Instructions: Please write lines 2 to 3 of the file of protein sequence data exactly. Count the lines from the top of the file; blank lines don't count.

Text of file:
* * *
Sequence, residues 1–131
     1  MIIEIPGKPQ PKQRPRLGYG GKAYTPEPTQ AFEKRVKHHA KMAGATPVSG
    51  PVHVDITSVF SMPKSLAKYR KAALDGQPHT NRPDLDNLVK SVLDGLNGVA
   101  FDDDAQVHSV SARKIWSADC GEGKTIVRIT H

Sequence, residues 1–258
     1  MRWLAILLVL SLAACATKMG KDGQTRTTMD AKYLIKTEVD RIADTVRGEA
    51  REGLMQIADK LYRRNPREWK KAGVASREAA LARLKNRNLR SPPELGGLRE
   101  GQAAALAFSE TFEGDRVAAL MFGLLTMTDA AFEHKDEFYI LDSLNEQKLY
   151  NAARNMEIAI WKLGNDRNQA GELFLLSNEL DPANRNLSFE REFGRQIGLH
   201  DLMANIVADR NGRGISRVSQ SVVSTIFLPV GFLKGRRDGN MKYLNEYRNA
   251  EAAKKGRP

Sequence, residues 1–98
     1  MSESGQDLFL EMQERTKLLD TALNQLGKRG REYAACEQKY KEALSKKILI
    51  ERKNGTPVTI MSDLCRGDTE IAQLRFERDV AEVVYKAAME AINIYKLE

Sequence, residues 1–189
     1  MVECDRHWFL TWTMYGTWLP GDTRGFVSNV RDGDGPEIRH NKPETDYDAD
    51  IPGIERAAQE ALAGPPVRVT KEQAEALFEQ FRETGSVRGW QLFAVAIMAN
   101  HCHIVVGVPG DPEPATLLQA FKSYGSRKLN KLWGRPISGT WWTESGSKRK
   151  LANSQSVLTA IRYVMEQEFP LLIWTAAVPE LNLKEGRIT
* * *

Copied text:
     1  MIIEIPGKPQ PKQRPRLGYG GKAYTPEPTQ AFEKRVKHHA KMAGATPVSG
    51  PVHVDITSVF SMPKSLAKYR KAALDGQPHT NRPDLDNLVK SVLDGLNGVA